"The science isn't helping," he gulped as beads of sweat began to roll off his brow. Again he looked at his chronometer. "We've still got hours before the pulsar begins to collect gas... plenty of time to finish the job and get back to the ship."
He gazed once again around the empty room, "Maybe some conversation would help."
After pressing a few buttons on a keypad near his environment suit's time display, he spoke once again to the room, "Independence, this is Survey Two. Remind me again what we're doing prowling around a derelict space station deep in pirate infested space?"
After a slight pause, a familiar gravelly voice answered back, "Survey Two, this is Independence. You're over there now because the good Doctor wants this place checked out while the skies are still clear. If we don't do it now, we're going to have to do it months from now, and I for one agree that its better not to have to sneak back through Blood Raider space more times than we have to. Don't tell me you're feeling lonely already? You've only been over there for seven hours, just one more hour to go."
"Lonely? No. More like trapped. I'd much rather be back aboard with you guys, this place feels a bit creepy."
"So you're feeling claustrophobic and your solution is to move from the small metal box of a space station to the even smaller metal box of a Viator?'
"At least the Independence has a working life support system. This station's been in low power standby for over 100 years. There's been no maintenance to the power plant. The atmosphere in here is pure N2 to protect the electronics. The gravity's offline. Half the docking ports aren't working. Who knows if the biomass processors are working? Let alone the idea of eating food synthesized from 100 year old biomass. I do NOT want to get stuck over here with no heat, no air, no grav, and no food when that pulsar starts blasting."
"Relax, you're not going to get stuck, we've still got plenty of time to disembark you guys. And besides, the Rust Bucket is sitting next to the sun keeping an eye on things."
"Rust Bucket? You mean the Chronos?"
"Feh, call it what you will; those Minmatar craft are all Rust Buckets to me."
"Gentlemen, Survey One here. Let's keep the comms clear for operational use please," a third, soft voice gently asserts.
And in short order, a fourth, deep voice chimes in, sounding vaguely sarcastic, "Independence this is Rust Bucket, I mean, Chronos... If I may interject."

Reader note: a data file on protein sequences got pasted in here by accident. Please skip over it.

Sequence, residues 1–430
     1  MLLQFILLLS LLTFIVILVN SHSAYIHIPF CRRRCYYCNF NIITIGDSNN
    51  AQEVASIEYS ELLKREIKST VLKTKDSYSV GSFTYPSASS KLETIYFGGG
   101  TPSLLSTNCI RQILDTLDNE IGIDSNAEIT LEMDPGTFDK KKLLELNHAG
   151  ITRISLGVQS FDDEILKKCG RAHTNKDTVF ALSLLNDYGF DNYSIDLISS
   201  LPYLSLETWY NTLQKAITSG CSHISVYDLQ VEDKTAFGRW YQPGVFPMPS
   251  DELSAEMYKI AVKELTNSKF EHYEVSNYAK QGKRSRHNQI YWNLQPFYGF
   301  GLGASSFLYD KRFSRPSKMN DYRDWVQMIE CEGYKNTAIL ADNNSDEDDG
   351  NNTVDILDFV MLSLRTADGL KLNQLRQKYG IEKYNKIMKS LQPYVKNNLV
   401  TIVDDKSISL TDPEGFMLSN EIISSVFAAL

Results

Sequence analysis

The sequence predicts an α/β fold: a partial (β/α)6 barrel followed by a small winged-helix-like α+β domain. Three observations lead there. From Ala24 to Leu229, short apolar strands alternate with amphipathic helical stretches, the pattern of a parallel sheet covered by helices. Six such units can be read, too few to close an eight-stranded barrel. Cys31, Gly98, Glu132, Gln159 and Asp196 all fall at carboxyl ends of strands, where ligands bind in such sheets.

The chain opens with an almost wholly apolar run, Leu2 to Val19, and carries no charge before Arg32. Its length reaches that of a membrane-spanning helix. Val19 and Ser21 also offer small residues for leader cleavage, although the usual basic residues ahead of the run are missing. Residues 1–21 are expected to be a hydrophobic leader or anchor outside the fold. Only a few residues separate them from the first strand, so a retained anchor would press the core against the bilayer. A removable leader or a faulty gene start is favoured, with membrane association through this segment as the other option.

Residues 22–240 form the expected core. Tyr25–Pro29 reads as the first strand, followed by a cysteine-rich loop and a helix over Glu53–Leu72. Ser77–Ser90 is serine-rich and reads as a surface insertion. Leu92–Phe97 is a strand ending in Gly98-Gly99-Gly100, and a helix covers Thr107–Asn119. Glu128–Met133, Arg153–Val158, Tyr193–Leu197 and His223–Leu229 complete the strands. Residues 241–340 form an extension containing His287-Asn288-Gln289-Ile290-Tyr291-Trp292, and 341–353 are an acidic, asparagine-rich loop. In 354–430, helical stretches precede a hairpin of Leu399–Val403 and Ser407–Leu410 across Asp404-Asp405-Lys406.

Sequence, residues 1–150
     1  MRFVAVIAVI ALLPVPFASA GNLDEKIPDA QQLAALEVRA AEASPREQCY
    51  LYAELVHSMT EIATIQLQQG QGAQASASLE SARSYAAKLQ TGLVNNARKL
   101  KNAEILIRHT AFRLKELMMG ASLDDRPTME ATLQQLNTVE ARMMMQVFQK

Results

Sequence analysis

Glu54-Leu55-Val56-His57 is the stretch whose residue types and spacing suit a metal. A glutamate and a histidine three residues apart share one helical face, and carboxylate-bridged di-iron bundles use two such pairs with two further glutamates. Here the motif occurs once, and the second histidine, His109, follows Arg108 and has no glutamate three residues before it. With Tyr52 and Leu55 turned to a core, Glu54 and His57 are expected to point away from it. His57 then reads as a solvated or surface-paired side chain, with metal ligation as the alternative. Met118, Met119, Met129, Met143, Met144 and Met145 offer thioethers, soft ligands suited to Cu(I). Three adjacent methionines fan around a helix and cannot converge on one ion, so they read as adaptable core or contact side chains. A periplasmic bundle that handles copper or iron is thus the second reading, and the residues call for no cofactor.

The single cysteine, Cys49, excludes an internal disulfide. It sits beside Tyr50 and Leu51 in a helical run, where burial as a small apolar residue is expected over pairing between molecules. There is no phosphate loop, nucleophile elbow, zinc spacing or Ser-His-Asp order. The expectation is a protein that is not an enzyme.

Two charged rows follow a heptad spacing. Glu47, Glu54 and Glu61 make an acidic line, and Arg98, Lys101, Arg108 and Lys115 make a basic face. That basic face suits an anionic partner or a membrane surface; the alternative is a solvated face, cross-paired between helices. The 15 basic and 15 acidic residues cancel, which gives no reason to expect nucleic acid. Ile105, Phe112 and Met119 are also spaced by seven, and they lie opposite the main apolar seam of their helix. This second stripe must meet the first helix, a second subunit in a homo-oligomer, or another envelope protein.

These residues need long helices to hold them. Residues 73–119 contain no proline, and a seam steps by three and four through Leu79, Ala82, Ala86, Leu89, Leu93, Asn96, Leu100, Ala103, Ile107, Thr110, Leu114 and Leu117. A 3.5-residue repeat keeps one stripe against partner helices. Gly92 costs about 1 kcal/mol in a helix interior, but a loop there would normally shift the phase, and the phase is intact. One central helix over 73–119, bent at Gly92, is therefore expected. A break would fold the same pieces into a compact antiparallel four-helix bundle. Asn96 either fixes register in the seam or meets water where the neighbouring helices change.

"Chronos this is Survey One, Go ahead."
"Sir, you know that thing you said almost definitely wouldn't happen?"
"Please tell me you're joking," interjected a panicky voice.
"Sorry Survey Two, no such luck. It looks like the gravitational field of the approaching pulsar has caused a star-quake just below the surface of the sun."
"And the solar flare?"
"It's pointed straight at the pulsar sir. It's a big one."
"How much time do we have till it hits?"
"It's already happened sir: my reading show the plasma entered the pulsar's magnetic field about half a minute ago... My probes just cut out. I assume they're fried. You've got about 30 minutes till the first radiation wave reaches your location."
"Chronos, get out of there. Fall back to the rendezvous immediately."
"Already done sir."
"All teams, this is Survey One. Everyone drop what you're doing and make your way back to the airlock. Be sure to grab your gear and any data you've collected. All teams, Do you read me?"
"Survey Two, already out the door."
"Survey Three, copy."
"Survey Four, copy, on the way, ETA five minutes"
"This is Survey Six, we're wrapping up the power-core diagnostic and heading out, ETA fifteen minutes."
"Very well Survey Six, but don't take any unnecessary risks. We do NOT want to get stuck over here. Survey Five?.... Do you copy?..."
After a slight pause, a man with a slight Amarrian accent answers in a methodical drone, "Sorry ma'am. Yes, I copy."
An audible sigh registers, "How many times do I have to tell you to call me 'sir'?"
"Apologies ma'am, I cannot; if my colleagues at the Imperial Academy caught me following Gallentean custom, I would never hear the end of it. But I am afraid that is rather beside the point. There is a problem: I believe I may need assistance."